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The Mavrick Law Firm regularly represents entrepreneurs who open businesses in industries in which they were formerly employees. As such, often times we are confronted with covenants not to compete signed by the entrepreneur when he or she was employed with his or her former employer. The restrictive covenants will usually restrict the entrepreneur from competing with the former employer for a certain time period and within a specific geographic area. The Mavrick Law Firm has, on several occasions, successfully defended entrepreneurs from lawsuits seeking to enforce such covenants. One way we have successfully defended against these claims is by asserting that the plaintiff has committed some sort of wrongdoing or has engaged in improper conduct that prevents the plaintiff from enforcing the covenant not to compete at issue, otherwise known as the “unclean hands” doctrine.

The unclean hands doctrine is an equitable defense that precludes a plaintiff from recovering in equity due to some sort of wrongdoing or improper conduct on the part of the plaintiff. Peter Mavrick is a Miami non-compete lawyer who has won non-compete litigation in Miami-Dade Circuit Court through the unclean hands affirmative defense. Although “unclean hands” is a defense exclusive to claims seeking equitable relief, it has proven to be very useful in the employment context, particularly in cases where an employer is seeking to enforce a covenant not to compete. Under Florida law, if a former employer engaged in wrongdoing that caused the entrepreneur’s separation from employment, then the employer will be precluded from enforcing a covenant not to compete against the former employee. Such was the case in Bradley v. Health Coal., Inc., 687 So. 2d 329 (Fla. 3d DCA 1997).

In Bradley, the defendant was employed as a salesperson for the plaintiff’s blood plasma products and signed a covenant not to compete contained within his employment contract. After the defendant’s employment with plaintiff ended, plaintiff sought to enforce the covenant not to compete once it discovered that the defendant had subsequently gone to work for a competitor. The trial court enforced the covenant not to compete and entered an injunction against the defendant. However, in entering the injunction, the trial court declined to consider the defendant’s defense that there should be no injunction because defendant was forced to resign from his employment with plaintiff after he refused the plaintiff’s instructions to engage in improper business practices. Specifically, defendant contended he refused to resell certain plasma products that had been returned by a customer because he felt they were unsafe for medical use due to the handling during shipping. Furthermore, defendant asserted that he refused to obey an instruction to alter certain invoices to charge higher prices than the customers had agreed to.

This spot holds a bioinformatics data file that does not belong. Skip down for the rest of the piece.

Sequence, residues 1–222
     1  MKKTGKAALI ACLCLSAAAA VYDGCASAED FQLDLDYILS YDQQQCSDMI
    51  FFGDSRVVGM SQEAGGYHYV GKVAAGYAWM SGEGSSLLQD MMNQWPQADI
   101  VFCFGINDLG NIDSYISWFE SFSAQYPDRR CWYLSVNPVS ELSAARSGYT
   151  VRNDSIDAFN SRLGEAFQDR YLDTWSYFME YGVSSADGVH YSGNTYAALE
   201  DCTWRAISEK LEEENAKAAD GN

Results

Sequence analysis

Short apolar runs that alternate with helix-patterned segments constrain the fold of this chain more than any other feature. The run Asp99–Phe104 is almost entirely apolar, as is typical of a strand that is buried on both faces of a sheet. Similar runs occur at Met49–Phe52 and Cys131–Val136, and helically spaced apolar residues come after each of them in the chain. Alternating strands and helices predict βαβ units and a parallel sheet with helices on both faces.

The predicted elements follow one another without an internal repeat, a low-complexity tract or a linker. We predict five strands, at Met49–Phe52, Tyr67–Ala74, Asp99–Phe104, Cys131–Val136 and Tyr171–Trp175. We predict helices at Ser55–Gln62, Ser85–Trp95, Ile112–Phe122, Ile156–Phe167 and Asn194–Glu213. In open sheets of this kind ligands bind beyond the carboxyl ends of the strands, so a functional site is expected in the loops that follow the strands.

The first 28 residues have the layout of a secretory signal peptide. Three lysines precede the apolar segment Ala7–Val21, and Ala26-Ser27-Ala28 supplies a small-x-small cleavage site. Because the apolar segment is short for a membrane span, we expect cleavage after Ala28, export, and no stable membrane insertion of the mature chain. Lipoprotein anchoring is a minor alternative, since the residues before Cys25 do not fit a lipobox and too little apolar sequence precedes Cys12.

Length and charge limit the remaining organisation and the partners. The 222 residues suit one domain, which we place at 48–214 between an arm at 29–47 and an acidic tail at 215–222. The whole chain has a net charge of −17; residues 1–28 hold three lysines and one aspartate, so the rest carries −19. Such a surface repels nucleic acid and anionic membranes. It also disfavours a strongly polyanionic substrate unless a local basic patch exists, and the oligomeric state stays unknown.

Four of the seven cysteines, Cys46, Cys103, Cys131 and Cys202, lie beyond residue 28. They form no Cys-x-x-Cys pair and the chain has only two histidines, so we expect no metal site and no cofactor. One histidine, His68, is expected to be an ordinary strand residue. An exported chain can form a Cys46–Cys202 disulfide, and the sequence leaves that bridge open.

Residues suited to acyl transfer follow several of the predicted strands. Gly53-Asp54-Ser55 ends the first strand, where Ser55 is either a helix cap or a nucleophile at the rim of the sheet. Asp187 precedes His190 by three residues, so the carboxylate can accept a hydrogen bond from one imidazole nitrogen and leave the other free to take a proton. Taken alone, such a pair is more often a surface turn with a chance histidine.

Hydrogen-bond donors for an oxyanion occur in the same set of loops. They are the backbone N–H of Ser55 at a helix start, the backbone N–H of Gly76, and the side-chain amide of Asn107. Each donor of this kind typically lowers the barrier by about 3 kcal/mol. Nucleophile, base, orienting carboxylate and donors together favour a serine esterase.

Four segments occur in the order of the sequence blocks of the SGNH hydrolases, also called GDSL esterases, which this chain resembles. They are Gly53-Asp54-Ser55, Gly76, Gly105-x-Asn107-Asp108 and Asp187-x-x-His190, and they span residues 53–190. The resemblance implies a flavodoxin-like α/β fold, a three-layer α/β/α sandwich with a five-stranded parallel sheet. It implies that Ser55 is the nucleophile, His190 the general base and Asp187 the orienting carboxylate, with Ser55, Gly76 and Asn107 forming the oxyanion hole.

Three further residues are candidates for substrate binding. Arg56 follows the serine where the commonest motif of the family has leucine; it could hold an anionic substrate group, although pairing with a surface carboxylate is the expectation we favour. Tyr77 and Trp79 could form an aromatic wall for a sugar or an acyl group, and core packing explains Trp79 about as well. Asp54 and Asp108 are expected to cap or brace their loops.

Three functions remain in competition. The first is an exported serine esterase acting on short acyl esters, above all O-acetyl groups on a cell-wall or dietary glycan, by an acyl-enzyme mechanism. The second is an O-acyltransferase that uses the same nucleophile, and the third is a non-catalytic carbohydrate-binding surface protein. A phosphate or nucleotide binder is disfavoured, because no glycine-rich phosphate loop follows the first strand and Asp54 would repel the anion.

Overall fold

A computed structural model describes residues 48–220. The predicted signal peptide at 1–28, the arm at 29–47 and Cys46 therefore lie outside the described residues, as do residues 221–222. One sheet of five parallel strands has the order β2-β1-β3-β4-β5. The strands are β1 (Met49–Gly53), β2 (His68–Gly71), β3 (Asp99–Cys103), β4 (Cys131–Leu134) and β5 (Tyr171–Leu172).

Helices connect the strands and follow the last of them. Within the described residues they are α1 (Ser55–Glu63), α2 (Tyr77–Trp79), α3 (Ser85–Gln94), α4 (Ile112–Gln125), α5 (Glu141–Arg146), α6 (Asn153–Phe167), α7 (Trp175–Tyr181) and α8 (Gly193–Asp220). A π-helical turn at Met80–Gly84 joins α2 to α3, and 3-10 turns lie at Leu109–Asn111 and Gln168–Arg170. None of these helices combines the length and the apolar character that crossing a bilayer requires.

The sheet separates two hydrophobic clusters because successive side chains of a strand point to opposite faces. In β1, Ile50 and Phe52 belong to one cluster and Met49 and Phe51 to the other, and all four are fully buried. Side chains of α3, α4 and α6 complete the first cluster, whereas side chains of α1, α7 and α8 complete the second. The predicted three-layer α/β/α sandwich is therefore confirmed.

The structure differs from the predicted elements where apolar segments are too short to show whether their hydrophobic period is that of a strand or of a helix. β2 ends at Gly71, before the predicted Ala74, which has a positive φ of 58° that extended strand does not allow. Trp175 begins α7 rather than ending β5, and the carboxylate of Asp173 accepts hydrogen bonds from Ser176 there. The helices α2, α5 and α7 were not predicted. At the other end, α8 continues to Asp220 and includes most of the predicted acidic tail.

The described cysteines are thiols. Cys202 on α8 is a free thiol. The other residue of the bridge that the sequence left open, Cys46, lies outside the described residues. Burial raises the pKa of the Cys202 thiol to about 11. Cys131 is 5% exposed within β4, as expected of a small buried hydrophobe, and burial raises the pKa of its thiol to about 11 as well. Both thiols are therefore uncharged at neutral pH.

On appeal, the Florida Third District Court of Appeal held that the trial court’s failure to consider the defenses asserted by the defendant regarding his forced resignation was error and remanded the case for a hearing on same. As stated by the Third DCA:

In our view, if the employer ordered the employee to sell unfit products, or to alter invoices so as to defraud customers, and the employee was forced to resign for refusing to do so, then the employer would have unclean hands and would not be entitled to an injunction.

The Bradley decision provides a useful avenue to pursue in cases where an employer seeks to prevent a former employee from opening a competing business. If the employee proves that his or her former employer engaged in improper conduct leading to the employee’s separation of employment, then the former employer will likely be precluded from enforcing a non-compete agreement. However, the facts of each case will be determinative of whether this defense is available. If you are an entrepreneur currently bound by a covenant not to compete with a former employer preventing you from opening your business, or if you simply would like more information regarding covenants not to compete in general, the Mavrick Law Firm is available to help.

The Mavrick Law Firm has successfully represented many businesses in Florida non-competition covenant litigation in the Miami-Dade, Broward, and Palm Beach County areas encompassed by the Third and Fourth District Courts of Appeal, as well as Hillsborough, Sarasota, and other counties encompassed by the Second Circuit Court of Appeal. This article is not a substitute for legal advice tailored to a particular situation. Peter T. Mavrick can be reached at: Website:; Telephone: 954-564-2246; Address: 1620 West Oakland Park Boulevard, Suite 300, Fort Lauderdale, Florida 33311.

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